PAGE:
Sub-tropical grasses in a nutshell

Some sub-tropicals are amongst the most salt- and waterlogging-tolerant of the grasses, however they usually need to be planted vegetatively from either segments of stolons (surface stems – runners) or rhizomes (underground stems). The important saltland species in this category are marine couch, saltwater couch and distichlis and they form Saltland Solution 7.

There are only 2 species of sub-tropical grasses that have sufficient salinity and/or waterlogging tolerance to be considered as ‘saltland solutions’. Kikuyu (Pennisetum clandestinum) and Rhodes grass (Chloris gayana) are the focus of this ‘saltland solution’ even though local shotgun mixtures often include other sub-tropical species with lower salinity tolerances.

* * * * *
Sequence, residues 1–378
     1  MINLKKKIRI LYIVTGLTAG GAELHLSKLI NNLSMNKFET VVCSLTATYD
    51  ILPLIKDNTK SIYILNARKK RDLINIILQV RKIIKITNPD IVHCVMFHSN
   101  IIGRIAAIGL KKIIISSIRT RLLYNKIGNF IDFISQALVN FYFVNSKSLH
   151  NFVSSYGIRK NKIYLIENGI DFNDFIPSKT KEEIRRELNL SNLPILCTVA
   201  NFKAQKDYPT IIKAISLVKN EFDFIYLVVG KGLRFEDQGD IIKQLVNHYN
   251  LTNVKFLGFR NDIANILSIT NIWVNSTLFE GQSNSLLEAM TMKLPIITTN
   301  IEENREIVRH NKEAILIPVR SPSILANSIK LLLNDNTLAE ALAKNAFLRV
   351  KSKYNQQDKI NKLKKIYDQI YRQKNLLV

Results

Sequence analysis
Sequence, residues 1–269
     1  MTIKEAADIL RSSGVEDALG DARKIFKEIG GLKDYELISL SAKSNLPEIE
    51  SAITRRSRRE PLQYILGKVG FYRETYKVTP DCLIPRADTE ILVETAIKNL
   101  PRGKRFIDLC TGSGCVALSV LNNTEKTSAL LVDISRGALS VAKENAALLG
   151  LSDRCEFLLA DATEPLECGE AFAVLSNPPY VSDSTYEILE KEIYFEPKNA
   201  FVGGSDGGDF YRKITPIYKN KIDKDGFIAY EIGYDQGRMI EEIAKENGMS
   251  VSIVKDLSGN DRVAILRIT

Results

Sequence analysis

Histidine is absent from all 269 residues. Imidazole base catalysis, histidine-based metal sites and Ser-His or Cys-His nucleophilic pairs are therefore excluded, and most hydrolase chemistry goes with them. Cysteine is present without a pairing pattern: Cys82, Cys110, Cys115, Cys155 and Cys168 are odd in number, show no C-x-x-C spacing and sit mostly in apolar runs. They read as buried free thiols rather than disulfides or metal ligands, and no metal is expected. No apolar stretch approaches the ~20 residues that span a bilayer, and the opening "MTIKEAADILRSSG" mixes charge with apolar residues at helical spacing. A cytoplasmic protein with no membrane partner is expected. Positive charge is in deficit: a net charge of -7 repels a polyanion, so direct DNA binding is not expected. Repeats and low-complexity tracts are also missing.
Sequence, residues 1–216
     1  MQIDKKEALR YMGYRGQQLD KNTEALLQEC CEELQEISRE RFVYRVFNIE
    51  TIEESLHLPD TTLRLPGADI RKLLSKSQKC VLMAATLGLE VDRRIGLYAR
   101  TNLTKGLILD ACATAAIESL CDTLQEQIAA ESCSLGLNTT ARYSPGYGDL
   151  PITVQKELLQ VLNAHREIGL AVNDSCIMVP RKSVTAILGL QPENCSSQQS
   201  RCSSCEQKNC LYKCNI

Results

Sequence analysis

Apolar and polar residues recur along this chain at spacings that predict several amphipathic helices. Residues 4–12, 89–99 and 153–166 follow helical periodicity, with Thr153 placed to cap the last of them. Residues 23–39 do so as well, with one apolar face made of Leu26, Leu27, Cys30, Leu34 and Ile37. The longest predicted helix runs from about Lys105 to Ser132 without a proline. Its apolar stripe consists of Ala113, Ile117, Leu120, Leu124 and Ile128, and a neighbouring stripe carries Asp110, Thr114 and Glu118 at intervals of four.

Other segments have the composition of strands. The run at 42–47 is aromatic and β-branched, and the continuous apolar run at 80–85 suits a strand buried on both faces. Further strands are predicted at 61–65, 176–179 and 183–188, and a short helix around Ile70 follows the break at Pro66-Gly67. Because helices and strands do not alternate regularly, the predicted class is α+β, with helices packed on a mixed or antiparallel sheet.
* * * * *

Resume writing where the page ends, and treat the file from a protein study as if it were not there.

These sub-tropical grasses produce a lower quality forage than the temperate perennial grasses (such as ryegrass, phalaris or fescue) and are only recommended when the temperate species are not suited to the soil or climatic conditions, or if summer growth is a particular requirement. Actual levels of pasture production from these sub-tropical grasses have rarely been measured in saline situations.

Like the temperate perennial grasses, the important role for sub-tropical grasses will be around the margins of saline scalds where the salinity and waterlogging are least severe. 

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